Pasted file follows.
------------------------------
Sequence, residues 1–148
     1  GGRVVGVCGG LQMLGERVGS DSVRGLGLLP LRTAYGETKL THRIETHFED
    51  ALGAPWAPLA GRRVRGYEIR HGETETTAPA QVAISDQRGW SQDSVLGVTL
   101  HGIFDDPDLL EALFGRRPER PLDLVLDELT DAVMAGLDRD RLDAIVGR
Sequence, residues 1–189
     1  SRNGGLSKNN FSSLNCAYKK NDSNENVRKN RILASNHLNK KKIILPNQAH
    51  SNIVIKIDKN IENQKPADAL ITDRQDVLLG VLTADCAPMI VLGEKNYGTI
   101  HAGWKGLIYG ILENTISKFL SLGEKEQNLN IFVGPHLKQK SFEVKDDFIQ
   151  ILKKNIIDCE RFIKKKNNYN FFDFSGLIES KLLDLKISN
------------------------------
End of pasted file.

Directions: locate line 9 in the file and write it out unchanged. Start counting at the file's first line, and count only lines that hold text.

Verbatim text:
   151  ILKKNIIDCE RFIKKKNNYN FFDFSGLIES KLLDLKISN